JE:    JOSHUA ESCOBAR a.k.a. DJ Ashtrae

The Interview:

Thanks for writing such an evocative poem/ short-story/ playlist. I’m really intrigued by the form, maybe because when I first met you were writing fiction, and Caljforkya Voltage is a hybrid piece combining narrative sections with more poetic parts, though even that distinction feels wrong. Maybe we should think of your text as an assemblage, a sampling of experience, a playlist that accompanies the reader through a dystopian yet exhilarating landscape. Could you talk about how you landed on this form? And how the land you’re describing informs it?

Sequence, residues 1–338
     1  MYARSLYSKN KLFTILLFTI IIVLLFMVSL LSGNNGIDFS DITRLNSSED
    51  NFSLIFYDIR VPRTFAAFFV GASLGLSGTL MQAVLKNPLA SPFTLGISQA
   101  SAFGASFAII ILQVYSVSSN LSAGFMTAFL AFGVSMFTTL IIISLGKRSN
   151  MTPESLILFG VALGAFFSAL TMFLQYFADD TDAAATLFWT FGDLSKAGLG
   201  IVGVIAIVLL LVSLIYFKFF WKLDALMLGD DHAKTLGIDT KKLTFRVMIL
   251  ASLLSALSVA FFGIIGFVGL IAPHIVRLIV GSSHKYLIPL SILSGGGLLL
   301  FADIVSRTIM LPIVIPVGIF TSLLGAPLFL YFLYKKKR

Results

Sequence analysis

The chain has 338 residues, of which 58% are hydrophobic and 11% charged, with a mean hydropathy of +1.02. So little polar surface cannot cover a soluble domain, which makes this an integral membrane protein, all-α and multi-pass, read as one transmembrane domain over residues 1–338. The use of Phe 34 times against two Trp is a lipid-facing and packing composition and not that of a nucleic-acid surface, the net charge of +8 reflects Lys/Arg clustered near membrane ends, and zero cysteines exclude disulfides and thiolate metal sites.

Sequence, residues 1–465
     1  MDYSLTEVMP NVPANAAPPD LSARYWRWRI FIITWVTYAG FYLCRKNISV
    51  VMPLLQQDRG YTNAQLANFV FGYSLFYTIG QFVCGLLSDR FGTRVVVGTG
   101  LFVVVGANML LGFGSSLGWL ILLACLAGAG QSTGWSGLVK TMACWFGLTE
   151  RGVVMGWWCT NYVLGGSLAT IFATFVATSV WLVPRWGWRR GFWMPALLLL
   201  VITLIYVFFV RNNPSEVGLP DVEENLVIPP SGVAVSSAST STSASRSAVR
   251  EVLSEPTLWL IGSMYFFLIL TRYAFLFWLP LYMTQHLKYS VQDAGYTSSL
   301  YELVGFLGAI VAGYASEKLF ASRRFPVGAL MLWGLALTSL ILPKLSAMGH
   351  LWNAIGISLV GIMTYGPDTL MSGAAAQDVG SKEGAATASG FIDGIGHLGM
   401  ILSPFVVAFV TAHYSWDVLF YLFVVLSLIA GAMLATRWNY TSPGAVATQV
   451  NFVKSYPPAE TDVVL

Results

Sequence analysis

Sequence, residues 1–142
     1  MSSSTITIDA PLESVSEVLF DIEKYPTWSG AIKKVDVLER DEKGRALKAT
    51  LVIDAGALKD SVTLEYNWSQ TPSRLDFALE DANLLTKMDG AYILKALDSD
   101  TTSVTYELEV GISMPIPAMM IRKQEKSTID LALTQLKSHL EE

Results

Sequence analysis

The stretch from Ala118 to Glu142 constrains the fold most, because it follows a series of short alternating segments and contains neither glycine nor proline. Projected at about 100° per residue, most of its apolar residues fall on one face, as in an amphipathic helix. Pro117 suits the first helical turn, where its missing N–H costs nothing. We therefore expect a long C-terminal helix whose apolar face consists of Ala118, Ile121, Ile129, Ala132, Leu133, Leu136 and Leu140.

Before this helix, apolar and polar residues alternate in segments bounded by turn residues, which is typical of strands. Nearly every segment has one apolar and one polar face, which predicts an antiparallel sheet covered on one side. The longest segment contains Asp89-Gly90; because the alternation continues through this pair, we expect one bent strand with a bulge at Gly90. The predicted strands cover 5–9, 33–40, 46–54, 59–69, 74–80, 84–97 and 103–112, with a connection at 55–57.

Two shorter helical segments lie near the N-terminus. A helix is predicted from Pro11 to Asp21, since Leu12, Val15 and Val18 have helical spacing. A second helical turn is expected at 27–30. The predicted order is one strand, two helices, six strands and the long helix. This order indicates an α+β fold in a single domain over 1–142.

When we first met, you were working on The City Outside the Sentence, which I admire deeply, and I was struggling with form. Actually, I was 22 and struggling with many things: my artistic abilities, my upbringing, my “coming out” as queer. I had thought that writing fiction would yield some resolution. However, as I penned juvenilia about my hometown, I became disillusioned. My plots seemed reductive. My sentences ended up negating meanings, half-meanings, unfinished thoughts and complex emotions. My characters’ desires eventually overshadowed my own. Meanwhile at Bard, I was talking with you, Mina Zohal, and Alex Cuff, among others, about abstraction, fear, displacement. I saw the performances of Sound artists like Colin Self, Suzanne Kite and Nathan Young, who address the destruction and depravation that their communities have faced while contributing to the radical existence of their communities through conceptual practices. My education at Bard taught me so much about embodiment.